Induction of heat shock protein (HSP)72 protects against obesity-induced insulin resistance, but the underlying mechanisms are unknown. Here, we show that HSP72 plays a pivotal role in increasing skeletal muscle mitochondrial number and oxidative metabolism. Mice overexpressing HSP72 in skeletal muscle (HSP72Tg) and control wild-type (WT) mice were fed either a chow or high-fat diet (HFD). Despite a similar energy intake when HSP72Tg mice were compared with WT mice, the HFD increased body weight, intramuscular lipid accumulation (triacylglycerol and diacylglycerol but not ceramide), and severe glucose intolerance in WT mice alone. Whole-body VO2, fatty acid oxidation, and endurance running capacity were markedly increased in HSP72Tg mice. Moreover, HSP72Tg mice exhibited an increase in mitochondrial number. In addition, the HSP72 coinducer BGP-15, currently in human clinical trials for type 2 diabetes, also increased mitochondrial number and insulin sensitivity in a rat model of type 2 diabetes. Together, these data identify a novel role for activation of HSP72 in skeletal muscle. Thus, the increased oxidative metabolism associated with activation of HSP72 has potential clinical implications not only for type 2 diabetes but also for other disorders where mitochondrial function is compromised.
Although obesity is associated with insulin resistance, the exact mechanism by which increased adiposity contributes to this disorder is unresolved. It is well established, however, that insulin resistance is associated with excess ectopic expression of lipid in liver and skeletal muscle (1). Moreover, the accumulation of deleterious lipid species such as diacylglycerol (DAG) (2,3) and ceramide (4) is known to impair insulin action. Apart from the role of excess ectopic lipid accumulation, it has become apparent that insulin resistance may also be associated with defective oxidative metabolism in skeletal muscle (5). A coordinated reduction in the expression of genes encoded by peroxisome proliferator–activated receptor (PPAR) γ coactivator (PGC)-1α is observed in skeletal muscle of patients with type 2 diabetes (6,7) and healthy subjects with a family history of diabetes (7). In addition, mitochondrial function in skeletal muscle plays a vital role in the pathogenesis of type 2 diabetes (8,9). Importantly, activation of key pathways involving AMP-activated protein kinase (AMPK) (10), PPARδ (11), sirtuin 1 (SIRT)1 (12), and carnitine palmitoyltransferase-1 (CPT1) (13) increase fatty acid oxidation (FAO), thereby decreasing lipid esterification, and in so doing, ameliorate insulin resistance. Hence, activators of these pathways are thought to have therapeutic potential for the treatment of type 2 diabetes.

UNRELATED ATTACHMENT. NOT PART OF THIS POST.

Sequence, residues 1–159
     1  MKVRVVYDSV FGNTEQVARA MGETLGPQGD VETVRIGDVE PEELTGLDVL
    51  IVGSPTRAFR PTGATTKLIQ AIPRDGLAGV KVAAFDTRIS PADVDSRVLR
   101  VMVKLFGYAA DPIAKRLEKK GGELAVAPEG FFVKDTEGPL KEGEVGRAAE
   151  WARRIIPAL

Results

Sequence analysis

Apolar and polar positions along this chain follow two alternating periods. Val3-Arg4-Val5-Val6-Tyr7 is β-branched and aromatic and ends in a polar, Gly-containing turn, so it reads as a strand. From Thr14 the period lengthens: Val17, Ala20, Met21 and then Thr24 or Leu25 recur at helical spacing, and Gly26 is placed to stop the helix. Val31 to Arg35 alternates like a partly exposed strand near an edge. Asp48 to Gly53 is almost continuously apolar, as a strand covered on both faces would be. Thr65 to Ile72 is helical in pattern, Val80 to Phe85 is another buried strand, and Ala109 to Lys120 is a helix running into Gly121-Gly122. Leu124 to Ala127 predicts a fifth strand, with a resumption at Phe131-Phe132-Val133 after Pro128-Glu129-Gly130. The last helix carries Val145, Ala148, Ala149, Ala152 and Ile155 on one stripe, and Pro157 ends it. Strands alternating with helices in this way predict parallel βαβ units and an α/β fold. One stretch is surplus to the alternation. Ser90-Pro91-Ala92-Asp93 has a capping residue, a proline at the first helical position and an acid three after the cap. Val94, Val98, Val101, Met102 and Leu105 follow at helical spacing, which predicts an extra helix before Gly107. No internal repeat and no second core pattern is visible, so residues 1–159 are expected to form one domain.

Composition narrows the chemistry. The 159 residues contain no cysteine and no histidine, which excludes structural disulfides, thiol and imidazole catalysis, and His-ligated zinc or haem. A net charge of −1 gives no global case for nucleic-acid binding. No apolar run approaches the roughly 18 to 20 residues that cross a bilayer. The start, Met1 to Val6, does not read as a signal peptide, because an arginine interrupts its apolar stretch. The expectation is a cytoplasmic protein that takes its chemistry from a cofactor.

We have identified an essential role for heat shock protein (HSP)72 (the inducible form of the 70-kDa family of HSPs) in preventing insulin resistance in the context of high-fat feeding or genetic obesity in mice (14). In this (14) and subsequent (15,16) studies, overexpression of HSP72 was accompanied by a marked reduction in high-fat diet (HFD)-induced activation of proinflammatory signaling, i.e., phosphorylation of c-Jun N-terminal kinase (p-JNK) in skeletal muscle, which is implicated in insulin resistance (17). However, whether this decrease in p-JNK could account for all of the whole-body protective effects of HSP72 overexpression is debatable. Since HSP72 transgenic mice are protected from developing obesity in the absence of hyperphagia, it is possible that they have increased energy expenditure (14). In addition, markers of oxidative metabolism in skeletal muscle are increased in HSP72 transgenic (HSP72Tg) mice (14) and in C2C12 muscle cells (18) and rats (15) undergoing heat treatment to induce HSP72. These data are in agreement with our previous observations that correlate increased HSP72 expression with mitochondrial enzyme activity in human skeletal muscle (19). Together, these studies raise the hypothesis that the mechanism of HSP72 action may be in regulating energy balance via enhanced oxidative metabolism in skeletal muscle. To test this hypothesis, we fed HSP72Tg and control mice either a standard chow diet or HFD. We also treated type 2 diabetic (Goto-Kakizaki [GK]) rats with the HSP72 coinducer BGP-15, currently in human clinical trials for type 2 diabetes (20). In both experimental models, overexpression or induction of HSP72 increased mitochondrial number.